August 1941


Arch Derm Syphilol. 1941;44(2):201-213. doi:10.1001/archderm.1941.01500020056004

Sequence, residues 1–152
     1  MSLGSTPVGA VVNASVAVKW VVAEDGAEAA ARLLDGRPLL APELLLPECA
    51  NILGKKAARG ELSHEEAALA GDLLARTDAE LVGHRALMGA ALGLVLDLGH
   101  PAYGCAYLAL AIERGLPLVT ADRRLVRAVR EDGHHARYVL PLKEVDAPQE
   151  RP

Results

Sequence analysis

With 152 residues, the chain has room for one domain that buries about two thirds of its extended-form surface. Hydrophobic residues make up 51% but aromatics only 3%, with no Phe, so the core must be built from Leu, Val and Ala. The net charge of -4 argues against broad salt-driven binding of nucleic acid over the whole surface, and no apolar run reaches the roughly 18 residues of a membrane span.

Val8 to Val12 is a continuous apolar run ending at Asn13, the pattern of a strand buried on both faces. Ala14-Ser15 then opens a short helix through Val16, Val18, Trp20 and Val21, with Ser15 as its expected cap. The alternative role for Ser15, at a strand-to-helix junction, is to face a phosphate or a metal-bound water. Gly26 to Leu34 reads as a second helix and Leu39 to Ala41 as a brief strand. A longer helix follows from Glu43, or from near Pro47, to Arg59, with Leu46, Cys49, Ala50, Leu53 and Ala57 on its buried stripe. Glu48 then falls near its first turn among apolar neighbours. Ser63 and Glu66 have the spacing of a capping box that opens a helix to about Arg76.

I have chosen to discuss the subject of ordinary baldness, not, as one might think, because of my slight personal experience with it, but rather for its story, which is an old and fascinating one. At one time baldness was considered a mark of indignity—evidence of the wrath of the gods for some sinful indiscretion, a curse, a tragedy. Now, for the many, it is simply one of life's inevitable misfortunes. The subject of baldness has always had comment appeal, some of it in ridicule, some in defense. Baldness, it is said, lends dignity; it becomes one whose responsibilities are weighty; it is the outward sign of an intensely active mind; it attacks thinkers rather than doers. All this is admitted, yet "Ugly is a field without grass, a plant without leaves or a head without hair." And because man has never been obtuse to vanity, he has searched frantically

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